Power Morcellator Lawyer

Cancer Spread by Power Morcellator 

Power morcellators, a piece of surgical equipment used in laparoscopic hysterectomies, have been linked to the spread of uterine cancer, according to the FDA. Ethicon (Johnson & Johnson) and other morcellator manufacturers have already been sued by victims.

Powerful Morcellators Have the Potential to Spread Cancer Cells

Surgical equipment with lengthy, tube-shaped blades is known as power morcellators. Uterine fibroids are cut into little bits using these blades so they may be removed through the patient’s stomach. This surgery was popular among women since it was less intrusive and did not leave a standard surgical scar.

The issue is that doctors are unable to determine whether uterine fibroids contain malignant cells. If a fibroid contains cancer cells, cutting the uterus with a morcellator will disperse cancer cells throughout a woman’s belly and pelvic region, posing a major health risk.

Power Morcellator Recall

Victims of this defective medical device — known as a power morcellator — may be legally entitled to substantial economic recovery via a power morcellator lawsuit lawyer. This lawsuit targets Johnson & Johnson, the leading maker of the device. After selling it in 1998, Johnson & Johnson finally issued a power morcellator recall in April of 2014 following a safety warning by the U.S. Food and Drug Administration (FDA) about the device’s dangers.

But that recall was too late for countless women in America who already have suffered severe injuries from the defective medical device


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Fibroid Dangers

It’s common for women to have fibroids, which are usually benign muscle growths in the uterus. Morcellators can remove non-cancerous uterine fibroids, also known as leiomyomas, from the uterus’ muscular tissue during minimally invasive laparoscopic surgery known as a myomectomy. Another option is to remove the uterus in its entirety, which is known as a hysterectomy.

Fibroid dangers can arise when fibroids develop cancerous cells — and power morcellators can make them worse when they’re used to remove what are believed to be benign uterine fibroids. A power morcellator is essentially a tube-shaped spinning blade that’s applied during fibroid removal surgeries and for laparoscopic or robotic hysterectomies. The aim is for the morcellator to shred fibroids.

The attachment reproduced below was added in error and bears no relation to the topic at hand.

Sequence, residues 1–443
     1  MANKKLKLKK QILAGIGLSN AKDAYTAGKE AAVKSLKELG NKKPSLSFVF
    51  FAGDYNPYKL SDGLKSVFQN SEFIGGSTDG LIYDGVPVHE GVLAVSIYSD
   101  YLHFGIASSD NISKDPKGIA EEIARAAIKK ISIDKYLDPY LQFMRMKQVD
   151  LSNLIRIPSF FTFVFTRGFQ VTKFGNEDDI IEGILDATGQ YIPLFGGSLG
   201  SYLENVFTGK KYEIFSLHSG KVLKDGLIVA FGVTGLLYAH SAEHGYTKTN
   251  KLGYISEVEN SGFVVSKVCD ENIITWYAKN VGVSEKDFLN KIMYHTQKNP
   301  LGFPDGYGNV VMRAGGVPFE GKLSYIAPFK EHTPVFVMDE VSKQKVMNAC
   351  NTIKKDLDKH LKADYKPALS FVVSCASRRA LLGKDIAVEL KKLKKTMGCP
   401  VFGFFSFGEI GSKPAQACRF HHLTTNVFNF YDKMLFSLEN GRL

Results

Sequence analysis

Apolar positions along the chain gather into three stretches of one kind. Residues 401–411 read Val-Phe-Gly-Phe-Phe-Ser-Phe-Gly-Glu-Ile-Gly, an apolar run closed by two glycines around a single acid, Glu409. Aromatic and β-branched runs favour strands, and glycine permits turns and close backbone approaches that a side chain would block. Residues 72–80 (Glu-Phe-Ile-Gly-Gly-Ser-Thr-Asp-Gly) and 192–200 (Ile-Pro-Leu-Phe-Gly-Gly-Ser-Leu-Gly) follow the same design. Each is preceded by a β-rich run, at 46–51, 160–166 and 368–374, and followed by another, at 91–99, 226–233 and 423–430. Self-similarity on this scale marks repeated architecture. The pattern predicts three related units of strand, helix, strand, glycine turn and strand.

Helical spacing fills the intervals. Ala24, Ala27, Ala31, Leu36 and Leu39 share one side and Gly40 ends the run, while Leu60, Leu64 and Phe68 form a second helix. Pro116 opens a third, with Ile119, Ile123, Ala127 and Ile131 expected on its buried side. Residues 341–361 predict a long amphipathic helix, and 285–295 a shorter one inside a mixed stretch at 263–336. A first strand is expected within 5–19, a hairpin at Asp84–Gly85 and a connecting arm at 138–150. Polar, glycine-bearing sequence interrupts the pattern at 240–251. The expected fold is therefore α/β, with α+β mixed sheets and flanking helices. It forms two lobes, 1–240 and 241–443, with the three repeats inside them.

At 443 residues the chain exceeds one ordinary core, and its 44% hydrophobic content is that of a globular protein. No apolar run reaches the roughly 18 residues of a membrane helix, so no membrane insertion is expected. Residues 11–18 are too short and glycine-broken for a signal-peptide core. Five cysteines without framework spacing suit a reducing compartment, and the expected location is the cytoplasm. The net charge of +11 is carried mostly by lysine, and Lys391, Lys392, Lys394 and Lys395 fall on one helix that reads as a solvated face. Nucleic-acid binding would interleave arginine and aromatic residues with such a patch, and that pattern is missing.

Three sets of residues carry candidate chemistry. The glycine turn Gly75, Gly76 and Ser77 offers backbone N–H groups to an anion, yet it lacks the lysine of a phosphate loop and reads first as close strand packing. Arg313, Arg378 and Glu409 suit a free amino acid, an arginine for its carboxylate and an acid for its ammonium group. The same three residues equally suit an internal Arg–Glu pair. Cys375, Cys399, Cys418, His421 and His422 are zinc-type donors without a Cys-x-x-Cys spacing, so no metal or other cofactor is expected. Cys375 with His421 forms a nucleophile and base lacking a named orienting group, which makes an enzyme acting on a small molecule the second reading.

But when such fibroids turn out to be cancerous, power morcellators applied in such procedures can inadvertently spread cancerous tissues from the uterus into other body parts in the abdomen. In this way, a power morcellator can spread cancerous cells and make the problem far worse.

This occurs when the morcellator’s tiny, rotating blades break down tissue into minute fragments which are intended to be extracted via a small, minimally invasive incision. But during this process, many cells may be dispersed in the abdominal area, and when those cells are cancerous, extreme harm can be inflicted on innocent women.

As a result, a victim of a defective power morcellator can have substantially less chance of surviving cancer, especially if she’s had a history of uterine cancer, such as uterine leiomyosarcoma.

Morcellator Lawsuits Seek Money For Injury Victims

These women have a legal right to financial compensation using a morcellator lawyer. Such a lawsuit can claim payments for losses including medical costs, which can be extremely high when even more surgeries are required due to the morcellator’s failures. 

For example, other surgeries may be needed to remove the fibroid and uterine tissue causing bowel infections or obstructions.

After uterine fibroid surgery with a defective power morcellator, victims also may require additional surgery or surgeries to extract uterine or fibroid tissue from the liver, intestines, or other organs. Victims also may be diagnosed with uterine sarcoma, which can be deadly.

Morcellator Studies

Power morcellator studies have shown that women having uterine surgery using a power morcellator had nine times more likelihood of getting the aggressive, deadly cancer known as leiomyosarcoma.

Even the FBI, or Federal Bureau of Investigation, is investigating morcellator devices. The FBI found that one out of every 350 women subjected to a morcellator procedure has had unanticipated cancer and that malignancy was worsened by the morcellator grinding up the cancerous tissue and dispersing it in the body. The FBI probe is designed to learn what Johnson & Johnson knew about the dangers of the devices. 

The U.S. Food and Drug Administration — which began approving morcellators in 1991 — now advises against using laparoscopic power morcellation for hysterectomies when uterine fibroids are involved.


Power Morcellator Brands

Morcellator brands include several from Johnson & Johnson, one of which is known as the Diva, from its Ethicon division. In fact, up to three-fourths of all morcellators come from this source. Other brands are the Gynecare X-Tract, Gynecare Morcellex, and Morcellex Sigma. In addition, other manufacturers have sold power morcellators. These include Karl Storz GmbH, Olympus Corp., and Richard Wolf GmbH.


Hire a Power Morcellator Lawyer

If a member of your family has suffered an injury when subjected to a power morcellator during surgery, please contact a personal injury attorney. Our injury law firm represents clients in power morcellator litigation. We are now taking new claims in all 50 states and are managing individual lawsuits nationally. David Willis is a personal injury trial law specialist. We routinely help people across the nation who have been hurt by defective medical devices like power morcellators. And we achieve remarkable results. Call us at 713-654-4040 or toll-free at 1-800-883-9858 to tell us your story. 

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